Once you have arrived back home, the first job is to get your films processed or your digital images safely backed-up. For film users, choose a lab you have used before and in which you therefore have confidence. There is nothing worse than seeing good images ruined by poor processing or handling.
Prints have an immediate impact because they can be looked at conveniently over a cup of coffee. Friends and family will also want to see evidence of the exotic adventures you have described. Take care to keep prints in the correct envelope together with the relevant negatives. When handing them around a group of people it is all too easy to get them in a muddle. The index prints provided by some processing labs are useful from this point of view. The best images can then be transferred into albums, and those that are no longer required can be discarded. This selection process is important because people are more likely to want to look at a few good images than at volumes of mediocre material. More importantly, the photographs that failed for various reasons should be reviewed in a constructive frame of mind. They will almost certainly reveal ways in which your photography could improve.
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Slides should also be sent to a lab you know and trust. It just is not worth the risk of losing or damaging material from faraway locations to which you may never return. In some developed countries is might be worth getting a few rolls processed to check your results. Where there is any doubt about the quality of the processing it is obviously better to take exposed material home unprocessed. Professional labs generally return slide film cut into strips and stored in plastic sleeves. Amateur stock is normally mounted and packed in small boxes. The strips are easier to store but mounted slides are easier to sort and select. Slides are also somewhat less convenient to view than prints but transmitted light from a light box or projector produces a quality and translucence without equal. It is also useful to be able to assess positive first generation images - ie without colour reversal.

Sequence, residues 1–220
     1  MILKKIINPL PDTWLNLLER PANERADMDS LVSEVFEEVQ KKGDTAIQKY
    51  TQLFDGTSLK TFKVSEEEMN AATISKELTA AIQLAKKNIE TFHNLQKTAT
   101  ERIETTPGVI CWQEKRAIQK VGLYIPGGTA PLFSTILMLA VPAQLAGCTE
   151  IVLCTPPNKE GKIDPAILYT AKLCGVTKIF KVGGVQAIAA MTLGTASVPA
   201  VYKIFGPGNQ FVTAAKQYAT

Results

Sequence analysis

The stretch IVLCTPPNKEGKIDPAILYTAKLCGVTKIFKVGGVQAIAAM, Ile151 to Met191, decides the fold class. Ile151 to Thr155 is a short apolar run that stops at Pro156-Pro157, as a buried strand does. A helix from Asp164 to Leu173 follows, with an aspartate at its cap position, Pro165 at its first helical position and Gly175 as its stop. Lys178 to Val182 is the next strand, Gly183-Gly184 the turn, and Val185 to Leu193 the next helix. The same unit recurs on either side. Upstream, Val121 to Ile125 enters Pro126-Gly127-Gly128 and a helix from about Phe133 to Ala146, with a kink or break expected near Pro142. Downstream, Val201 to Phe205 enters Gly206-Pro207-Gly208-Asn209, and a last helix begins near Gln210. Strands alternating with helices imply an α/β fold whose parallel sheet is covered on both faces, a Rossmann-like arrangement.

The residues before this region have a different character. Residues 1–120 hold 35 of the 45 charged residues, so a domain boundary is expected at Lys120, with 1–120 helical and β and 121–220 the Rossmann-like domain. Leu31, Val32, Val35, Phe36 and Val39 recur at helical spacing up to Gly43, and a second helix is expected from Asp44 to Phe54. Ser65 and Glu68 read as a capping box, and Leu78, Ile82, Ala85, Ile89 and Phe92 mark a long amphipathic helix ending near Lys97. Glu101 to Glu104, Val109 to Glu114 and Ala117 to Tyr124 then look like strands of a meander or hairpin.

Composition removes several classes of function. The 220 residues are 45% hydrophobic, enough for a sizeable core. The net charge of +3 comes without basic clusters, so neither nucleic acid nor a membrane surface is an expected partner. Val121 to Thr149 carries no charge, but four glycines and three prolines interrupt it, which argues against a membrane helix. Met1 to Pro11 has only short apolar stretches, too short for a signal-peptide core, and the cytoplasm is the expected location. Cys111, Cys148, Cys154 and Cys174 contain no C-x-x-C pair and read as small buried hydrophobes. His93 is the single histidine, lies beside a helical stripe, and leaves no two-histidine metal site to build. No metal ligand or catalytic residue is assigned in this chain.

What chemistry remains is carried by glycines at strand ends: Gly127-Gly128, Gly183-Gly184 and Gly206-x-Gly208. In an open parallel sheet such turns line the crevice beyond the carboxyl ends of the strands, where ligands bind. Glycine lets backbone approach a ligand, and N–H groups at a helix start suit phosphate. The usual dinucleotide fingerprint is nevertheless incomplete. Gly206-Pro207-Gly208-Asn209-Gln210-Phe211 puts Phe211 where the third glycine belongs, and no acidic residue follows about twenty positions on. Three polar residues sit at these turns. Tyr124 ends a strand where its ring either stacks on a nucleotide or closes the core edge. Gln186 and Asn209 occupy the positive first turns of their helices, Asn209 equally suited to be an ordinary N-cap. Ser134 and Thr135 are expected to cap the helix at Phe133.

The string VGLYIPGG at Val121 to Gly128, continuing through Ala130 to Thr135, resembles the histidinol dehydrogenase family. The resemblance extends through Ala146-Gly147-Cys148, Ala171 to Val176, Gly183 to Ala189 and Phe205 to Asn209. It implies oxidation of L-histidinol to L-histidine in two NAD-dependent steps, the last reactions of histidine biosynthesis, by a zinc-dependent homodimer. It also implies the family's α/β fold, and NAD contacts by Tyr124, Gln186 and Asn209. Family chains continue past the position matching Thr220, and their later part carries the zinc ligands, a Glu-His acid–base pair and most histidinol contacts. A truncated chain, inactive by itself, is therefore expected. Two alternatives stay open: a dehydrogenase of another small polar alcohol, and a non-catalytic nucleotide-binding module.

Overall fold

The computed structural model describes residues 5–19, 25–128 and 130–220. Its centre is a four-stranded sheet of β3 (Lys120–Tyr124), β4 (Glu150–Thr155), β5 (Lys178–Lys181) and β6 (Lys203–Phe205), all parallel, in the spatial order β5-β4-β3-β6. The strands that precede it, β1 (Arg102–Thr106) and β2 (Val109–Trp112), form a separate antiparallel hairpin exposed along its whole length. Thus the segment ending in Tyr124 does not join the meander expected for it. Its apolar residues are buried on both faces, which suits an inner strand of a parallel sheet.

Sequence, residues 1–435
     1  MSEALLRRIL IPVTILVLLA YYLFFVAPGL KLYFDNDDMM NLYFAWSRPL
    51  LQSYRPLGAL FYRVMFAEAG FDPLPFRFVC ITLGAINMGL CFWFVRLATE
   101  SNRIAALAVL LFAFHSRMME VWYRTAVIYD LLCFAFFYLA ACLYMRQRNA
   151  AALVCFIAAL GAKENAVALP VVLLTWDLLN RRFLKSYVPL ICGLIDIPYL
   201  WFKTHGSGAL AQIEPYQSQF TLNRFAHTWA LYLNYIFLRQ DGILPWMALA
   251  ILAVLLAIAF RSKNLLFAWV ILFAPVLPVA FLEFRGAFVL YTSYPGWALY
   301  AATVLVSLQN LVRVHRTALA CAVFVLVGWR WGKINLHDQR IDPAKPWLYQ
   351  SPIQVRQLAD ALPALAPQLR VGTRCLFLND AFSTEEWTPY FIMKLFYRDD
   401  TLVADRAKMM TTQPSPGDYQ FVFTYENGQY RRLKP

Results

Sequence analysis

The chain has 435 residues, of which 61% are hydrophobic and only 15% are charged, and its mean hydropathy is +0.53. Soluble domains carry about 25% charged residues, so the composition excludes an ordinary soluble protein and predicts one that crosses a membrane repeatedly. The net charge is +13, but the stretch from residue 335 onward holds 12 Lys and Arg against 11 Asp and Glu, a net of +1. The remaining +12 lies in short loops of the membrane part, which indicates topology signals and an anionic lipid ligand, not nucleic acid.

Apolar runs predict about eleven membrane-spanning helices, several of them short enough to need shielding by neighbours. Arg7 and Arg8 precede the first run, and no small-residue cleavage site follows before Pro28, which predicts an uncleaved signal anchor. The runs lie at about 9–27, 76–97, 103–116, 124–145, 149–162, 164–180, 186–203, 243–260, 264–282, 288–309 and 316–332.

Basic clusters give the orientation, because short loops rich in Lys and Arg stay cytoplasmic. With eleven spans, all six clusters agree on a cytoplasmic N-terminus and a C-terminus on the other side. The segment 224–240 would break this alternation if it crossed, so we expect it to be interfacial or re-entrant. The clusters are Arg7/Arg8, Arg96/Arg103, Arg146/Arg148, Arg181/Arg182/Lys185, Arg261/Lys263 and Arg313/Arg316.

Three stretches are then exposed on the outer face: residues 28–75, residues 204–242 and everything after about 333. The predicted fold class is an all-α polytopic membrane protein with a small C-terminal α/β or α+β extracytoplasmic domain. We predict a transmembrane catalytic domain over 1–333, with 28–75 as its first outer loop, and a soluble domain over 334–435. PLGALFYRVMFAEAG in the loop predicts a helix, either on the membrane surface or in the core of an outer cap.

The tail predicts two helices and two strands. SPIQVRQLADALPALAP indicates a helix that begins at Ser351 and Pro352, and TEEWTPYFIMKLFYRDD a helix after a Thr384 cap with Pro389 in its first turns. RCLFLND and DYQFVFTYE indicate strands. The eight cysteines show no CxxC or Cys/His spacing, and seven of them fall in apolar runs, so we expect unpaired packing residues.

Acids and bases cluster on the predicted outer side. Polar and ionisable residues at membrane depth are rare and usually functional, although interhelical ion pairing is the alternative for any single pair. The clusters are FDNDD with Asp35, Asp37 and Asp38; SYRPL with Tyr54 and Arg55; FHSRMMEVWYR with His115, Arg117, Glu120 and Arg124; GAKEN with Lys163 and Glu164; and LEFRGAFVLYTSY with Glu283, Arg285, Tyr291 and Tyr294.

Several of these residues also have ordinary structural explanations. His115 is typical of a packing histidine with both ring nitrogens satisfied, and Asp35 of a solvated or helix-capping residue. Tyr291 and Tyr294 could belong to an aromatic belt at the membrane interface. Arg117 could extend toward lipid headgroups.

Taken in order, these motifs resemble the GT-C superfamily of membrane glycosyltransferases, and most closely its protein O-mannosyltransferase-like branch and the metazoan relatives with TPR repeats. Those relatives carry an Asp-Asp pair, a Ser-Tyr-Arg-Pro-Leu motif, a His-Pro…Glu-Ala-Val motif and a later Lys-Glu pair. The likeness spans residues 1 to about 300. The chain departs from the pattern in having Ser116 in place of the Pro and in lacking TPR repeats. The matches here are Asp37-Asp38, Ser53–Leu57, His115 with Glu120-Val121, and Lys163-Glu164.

Most black-and-white film stock requires different processing chemistry from colour slides or negatives. It is necessary to find an appropriate lab. The only way around this is to use chromogenic monochrome film that is specifically designed for C41 (colour negative) processing. When the negatives are printed, ask the lab to use black-and-white paper as this eliminates any possible colour cast in the final prints.
Digital images must be safely backed-up to avoid any possibility of accidental alteration or deletion. How this is done depends upon the workflow you adopt. Some photographers carry sufficient memory cards to meet their requirements, and download the images directly to a computer, deleting unwanted material as they do so. Others use a portable high-capacity hard disk and download the best images from memory cards in the field. Some carry a portable computer or a stand-alone CD or DVD writer and write CDs as they travel. In any event, the DVD is arguably the safest medium for back up, so good images should be transferred to this medium as soon as possible. Whatever system you use, be careful not to delete images until you are sure they are not required. It is also easy to make mistakes when downloading and assessing hundreds of images at the end of a long and tiring day.